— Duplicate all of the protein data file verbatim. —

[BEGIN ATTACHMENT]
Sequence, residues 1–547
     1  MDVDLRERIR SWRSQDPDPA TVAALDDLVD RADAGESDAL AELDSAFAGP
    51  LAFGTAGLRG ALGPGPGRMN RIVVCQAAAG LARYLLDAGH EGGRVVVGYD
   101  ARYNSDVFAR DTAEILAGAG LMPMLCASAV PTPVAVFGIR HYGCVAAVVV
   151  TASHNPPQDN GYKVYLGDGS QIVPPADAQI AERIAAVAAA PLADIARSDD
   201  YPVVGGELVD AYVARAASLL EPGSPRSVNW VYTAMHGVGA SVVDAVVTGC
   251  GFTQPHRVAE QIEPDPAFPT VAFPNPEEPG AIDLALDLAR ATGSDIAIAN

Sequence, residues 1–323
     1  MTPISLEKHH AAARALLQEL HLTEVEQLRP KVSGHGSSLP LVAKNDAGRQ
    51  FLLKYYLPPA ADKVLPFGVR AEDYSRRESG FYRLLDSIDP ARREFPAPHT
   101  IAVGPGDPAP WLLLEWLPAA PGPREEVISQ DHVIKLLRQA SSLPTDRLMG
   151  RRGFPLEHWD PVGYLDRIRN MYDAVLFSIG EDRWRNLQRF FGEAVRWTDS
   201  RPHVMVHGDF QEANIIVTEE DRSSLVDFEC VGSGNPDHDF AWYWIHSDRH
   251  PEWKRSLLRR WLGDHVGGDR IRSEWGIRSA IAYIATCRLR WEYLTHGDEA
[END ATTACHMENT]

Sequence, residues 1–547
     1  MDVDLRERIR SWRSQDPDPA TVAALDDLVD RADAGESDAL AELDSAFAGP
    51  LAFGTAGLRG ALGPGPGRMN RIVVCQAAAG LARYLLDAGH EGGRVVVGYD
   101  ARYNSDVFAR DTAEILAGAG LMPMLCASAV PTPVAVFGIR HYGCVAAVVV
   151  TASHNPPQDN GYKVYLGDGS QIVPPADAQI AERIAAVAAA PLADIARSDD
   201  YPVVGGELVD AYVARAASLL EPGSPRSVNW VYTAMHGVGA SVVDAVVTGC
   251  GFTQPHRVAE QIEPDPAFPT VAFPNPEEPG AIDLALDLAR ATGSDIAIAN

Sequence, residues 1–323
     1  MTPISLEKHH AAARALLQEL HLTEVEQLRP KVSGHGSSLP LVAKNDAGRQ
    51  FLLKYYLPPA ADKVLPFGVR AEDYSRRESG FYRLLDSIDP ARREFPAPHT
   101  IAVGPGDPAP WLLLEWLPAA PGPREEVISQ DHVIKLLRQA SSLPTDRLMG
   151  RRGFPLEHWD PVGYLDRIRN MYDAVLFSIG EDRWRNLQRF FGEAVRWTDS
   201  RPHVMVHGDF QEANIIVTEE DRSSLVDFEC VGSGNPDHDF AWYWIHSDRH
   251  PEWKRSLLRR WLGDHVGGDR IRSEWGIRSA IAYIATCRLR WEYLTHGDEA